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Mark Zaifman's thoughts on money, global economic trends and politics

5 Tips for Managing your Cash Flow in Retirement During a Recession

Mark Zaifman   |    Mon, Jul 01, 2019 @ 03:31 PM

cash flow

The latest economic guessing game these days is predicting when the next recession will occur in the U.S.

Last week, I had the opportunity to attend a mid-year market outlook conference at Charles Schwab headquarters in San Francisco.  There were four panelists; two from the equity side and two from the bond side of the investment world. Liz Ann Sonders, the Chief Investment Strategist for Schwab, was on the equity ‘team’. All four panelists agreed on two major themes; the global economy continues to slow down, and that a recession starting in early 2020 is a very likely possibility.

So what does this all mean in terms of your retirement income strategy and what should you do, if anything, when our economy does fall into recession?

Below are 5 tips for optimizing your cash flow during a recession, with the likely consequence that a recession will cause a mild or major downturn in the stock market:


1 - Discretionary vs. Fixed Expenses:

It’s been 10 + years since the great recession of 2009 occurred, and with the stock market currently at an all-time high, your cash flow management muscle may have gotten a little flabby. Now is the time to get that muscle back into shape. The first thing you want to do is break down your annual expenses into two categories;  fixed expenses and discretionary expenses. Fixed expenses are your mortgage, property taxes, insurance, food, transportation, etc. Discretionary expenses include dining out, travel, gifts, entertainment, etc. If you have to trim spending next year, the discretionary bucket is where you’ll do the trimming.


2 - Adjust your Withdrawal Rate:

If you’re a Spiritus client and currently retired, most likely you have a dynamic spending and withdrawal rate plan. Meaning, instead of using the popular 4% safe annual withdrawal rate each and every year, you may have a higher initial withdrawal rate the first 10 years of retirement, with that rate adjusting lower the next 10 years, and lower again the following 10 years. This is often referred to as the go-go years, the slow-go years and the no-go years, with the premise being that the first 10 years of retirement will be your most active, the second 10, less active, etc. With a recession in full force and or simultaneously a major stock market decline happening as well, adjusting your withdrawal rate will be one of your key levers to use when managing cash flow. Being nimble with this lever is the key to success.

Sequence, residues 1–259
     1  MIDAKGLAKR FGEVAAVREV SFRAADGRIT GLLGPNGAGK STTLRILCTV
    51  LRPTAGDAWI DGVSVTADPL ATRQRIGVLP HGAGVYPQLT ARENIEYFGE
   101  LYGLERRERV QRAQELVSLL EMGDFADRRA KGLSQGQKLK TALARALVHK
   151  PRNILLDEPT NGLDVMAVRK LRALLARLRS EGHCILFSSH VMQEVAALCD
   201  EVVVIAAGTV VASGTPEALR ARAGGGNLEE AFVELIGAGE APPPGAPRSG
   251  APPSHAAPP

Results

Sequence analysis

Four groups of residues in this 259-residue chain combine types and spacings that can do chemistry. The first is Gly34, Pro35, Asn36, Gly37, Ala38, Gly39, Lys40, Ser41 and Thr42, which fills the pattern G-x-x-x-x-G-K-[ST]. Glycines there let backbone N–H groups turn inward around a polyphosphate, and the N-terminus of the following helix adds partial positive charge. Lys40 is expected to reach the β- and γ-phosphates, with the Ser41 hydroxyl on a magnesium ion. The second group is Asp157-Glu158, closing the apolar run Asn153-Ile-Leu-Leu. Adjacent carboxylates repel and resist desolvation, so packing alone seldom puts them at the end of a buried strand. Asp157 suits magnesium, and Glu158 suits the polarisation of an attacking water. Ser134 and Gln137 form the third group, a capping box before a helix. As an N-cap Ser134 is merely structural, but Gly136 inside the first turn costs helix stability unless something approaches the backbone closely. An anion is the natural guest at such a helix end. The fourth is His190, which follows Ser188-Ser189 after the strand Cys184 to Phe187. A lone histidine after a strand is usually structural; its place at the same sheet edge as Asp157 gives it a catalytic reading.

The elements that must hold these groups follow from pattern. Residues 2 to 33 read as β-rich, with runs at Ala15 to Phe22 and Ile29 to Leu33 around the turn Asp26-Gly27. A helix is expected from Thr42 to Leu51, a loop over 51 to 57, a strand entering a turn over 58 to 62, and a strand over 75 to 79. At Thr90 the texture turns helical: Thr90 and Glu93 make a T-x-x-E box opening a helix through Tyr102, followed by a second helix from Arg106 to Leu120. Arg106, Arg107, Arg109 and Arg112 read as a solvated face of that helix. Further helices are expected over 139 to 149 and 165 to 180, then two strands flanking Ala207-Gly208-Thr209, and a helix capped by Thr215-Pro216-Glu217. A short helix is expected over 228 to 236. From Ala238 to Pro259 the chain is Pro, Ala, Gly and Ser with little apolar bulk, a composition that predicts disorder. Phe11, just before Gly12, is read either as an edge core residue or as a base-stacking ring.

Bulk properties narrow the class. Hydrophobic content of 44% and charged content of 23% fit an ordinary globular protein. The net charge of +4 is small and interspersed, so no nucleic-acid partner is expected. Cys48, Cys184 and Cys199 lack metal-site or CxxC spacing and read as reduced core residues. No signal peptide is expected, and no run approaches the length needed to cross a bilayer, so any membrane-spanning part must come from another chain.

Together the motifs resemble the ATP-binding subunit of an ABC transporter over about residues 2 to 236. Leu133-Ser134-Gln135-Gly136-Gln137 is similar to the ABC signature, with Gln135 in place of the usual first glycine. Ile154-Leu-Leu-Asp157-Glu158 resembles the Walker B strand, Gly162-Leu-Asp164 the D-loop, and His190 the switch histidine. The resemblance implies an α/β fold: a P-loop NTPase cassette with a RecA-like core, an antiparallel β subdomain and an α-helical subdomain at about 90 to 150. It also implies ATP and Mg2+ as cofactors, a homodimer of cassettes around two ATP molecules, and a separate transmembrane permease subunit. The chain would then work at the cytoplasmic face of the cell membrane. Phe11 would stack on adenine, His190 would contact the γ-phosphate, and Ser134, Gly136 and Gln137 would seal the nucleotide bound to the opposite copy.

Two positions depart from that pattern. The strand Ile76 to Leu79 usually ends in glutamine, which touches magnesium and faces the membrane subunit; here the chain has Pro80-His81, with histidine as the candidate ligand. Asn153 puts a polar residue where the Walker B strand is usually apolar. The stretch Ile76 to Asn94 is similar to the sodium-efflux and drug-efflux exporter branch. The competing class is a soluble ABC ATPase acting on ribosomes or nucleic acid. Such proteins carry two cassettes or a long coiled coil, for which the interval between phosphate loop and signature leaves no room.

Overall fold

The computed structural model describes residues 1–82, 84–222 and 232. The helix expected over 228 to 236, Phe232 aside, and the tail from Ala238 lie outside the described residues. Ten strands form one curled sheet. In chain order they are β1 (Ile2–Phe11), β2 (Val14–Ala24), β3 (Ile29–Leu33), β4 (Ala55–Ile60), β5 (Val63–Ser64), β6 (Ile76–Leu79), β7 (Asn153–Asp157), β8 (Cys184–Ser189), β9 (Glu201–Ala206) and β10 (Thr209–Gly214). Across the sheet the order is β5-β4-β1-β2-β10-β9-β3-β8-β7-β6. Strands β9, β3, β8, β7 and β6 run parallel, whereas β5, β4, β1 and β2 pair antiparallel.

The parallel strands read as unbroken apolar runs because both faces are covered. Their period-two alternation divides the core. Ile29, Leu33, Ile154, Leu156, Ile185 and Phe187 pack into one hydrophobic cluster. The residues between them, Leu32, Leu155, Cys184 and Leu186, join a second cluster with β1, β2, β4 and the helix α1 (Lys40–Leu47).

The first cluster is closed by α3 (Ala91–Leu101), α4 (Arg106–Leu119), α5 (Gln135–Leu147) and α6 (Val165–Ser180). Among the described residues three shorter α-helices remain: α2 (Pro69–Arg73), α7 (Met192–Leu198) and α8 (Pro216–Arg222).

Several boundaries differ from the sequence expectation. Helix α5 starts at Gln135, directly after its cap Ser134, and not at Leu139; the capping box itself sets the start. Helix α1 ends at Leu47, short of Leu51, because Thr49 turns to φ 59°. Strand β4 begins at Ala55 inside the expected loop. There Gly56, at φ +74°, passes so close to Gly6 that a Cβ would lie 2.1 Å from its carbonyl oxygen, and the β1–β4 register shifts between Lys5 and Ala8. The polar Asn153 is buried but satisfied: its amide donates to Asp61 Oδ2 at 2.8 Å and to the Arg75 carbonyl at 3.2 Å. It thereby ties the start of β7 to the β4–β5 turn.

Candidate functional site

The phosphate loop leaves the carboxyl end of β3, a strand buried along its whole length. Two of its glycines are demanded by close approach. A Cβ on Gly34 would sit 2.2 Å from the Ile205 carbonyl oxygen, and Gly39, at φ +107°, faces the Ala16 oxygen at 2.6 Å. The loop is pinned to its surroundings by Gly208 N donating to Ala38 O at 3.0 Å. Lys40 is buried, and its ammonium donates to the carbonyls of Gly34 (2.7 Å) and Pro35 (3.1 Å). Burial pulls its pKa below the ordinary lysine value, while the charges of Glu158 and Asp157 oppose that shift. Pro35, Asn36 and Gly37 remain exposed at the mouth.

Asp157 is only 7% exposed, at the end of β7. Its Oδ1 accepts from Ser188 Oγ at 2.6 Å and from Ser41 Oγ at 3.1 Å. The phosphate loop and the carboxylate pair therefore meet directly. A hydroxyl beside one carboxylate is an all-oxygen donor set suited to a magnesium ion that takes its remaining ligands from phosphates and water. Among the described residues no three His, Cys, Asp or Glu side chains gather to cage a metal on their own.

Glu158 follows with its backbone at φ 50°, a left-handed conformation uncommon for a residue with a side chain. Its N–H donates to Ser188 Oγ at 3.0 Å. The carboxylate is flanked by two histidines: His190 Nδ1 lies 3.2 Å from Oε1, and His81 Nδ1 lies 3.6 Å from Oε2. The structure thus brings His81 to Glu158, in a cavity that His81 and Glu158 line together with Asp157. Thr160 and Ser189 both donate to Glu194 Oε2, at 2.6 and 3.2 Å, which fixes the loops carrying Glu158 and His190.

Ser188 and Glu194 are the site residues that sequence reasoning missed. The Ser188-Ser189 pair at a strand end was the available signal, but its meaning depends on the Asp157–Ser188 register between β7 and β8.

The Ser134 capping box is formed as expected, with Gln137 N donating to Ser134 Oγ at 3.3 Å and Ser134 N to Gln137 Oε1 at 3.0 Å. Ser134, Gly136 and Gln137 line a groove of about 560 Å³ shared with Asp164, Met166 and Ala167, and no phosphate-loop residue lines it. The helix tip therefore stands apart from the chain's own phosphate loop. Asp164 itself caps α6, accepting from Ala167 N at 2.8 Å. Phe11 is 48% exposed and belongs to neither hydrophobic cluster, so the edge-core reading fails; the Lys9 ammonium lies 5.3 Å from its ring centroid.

3 - Maintaining 1-2 Years of Living Expenses in a Short-Term Bond Fund:

Let’s say your retirement income strategy has you withdrawing $75,000 annually from your portfolio. Now let’s assume a recession does occur at some point next year or the following year and the stock market takes a nose dive. Having that $75,000 you planned to withdraw from your portfolio in a ‘cash bucket’ such as a short-term bond fund will surely help you sleep better at night. Many of my retired clients prefer to play it even safer by keeping two-years worth of annual withdrawals in this same fund. The purpose of this strategy is to avoid having to sell your investments at a low point in the market. Having 1-2 years of cash available helps you ride out a stock market downturn, and lets you sleep easier at night.


4 - Asset Allocation:

If you’re a DIY investor and you started with, say a 60% allocation to the stock market and a 40% allocation to the bond market years ago, AND you haven’t been re-balancing your portfolio at least annually, there’s a good chance you now have a lot more money in the stock portion of your portfolio than you realize. Asset allocation is yet another strong lever to use when managing your overall investment strategy during a recession. Since most economists are predicting the high probability of a recession next year, now is as good a time as any to reevaluate your asset allocation and re-balance your portfolio back to your original asset allocation target.


5 - Risk Tolerance vs. Risk Capacity

If you’re recently retired, the risk tolerance and risk capacity you had while still working is not the same as when you’re retired - not by a long shot. Now, the savings you’ve accumulated need to last the rest of your life. While it seemed easy to ignore the market downturns and corrections while working, dealing with that now while in retirement is a different challenge. Now is a good time to visualize how it would feel if your portfolio dropped by 20% or 30%. Could you tolerate that level of decline in your investments? Can you stay on track with your financial plan with that type of loss or would you do something rash and sell at a low point in the markets? The other question is more fundamental to cash flow. Do you have the capacity to withstand a drop in your portfolio of that magnitude and still be able to maintain your lifestyle? If the answer is no to either question, now, while the markets at all-time highs, it’s a perfect time to align your risk tolerance and risk capacity with reality, your reality that is.


Bottom Line: Whether a recession happens next year or the following year, history tells us that recessions can be pretty brutal to the stock market, depending on the length and severity of the recession. Use these 5 tips above to be proactive not reactive with your cash flow and investments NOW, not when it’s official that the U.S. economy is in recession. You’ll be happy you did and so will your money!


Photo by Pat Chiappa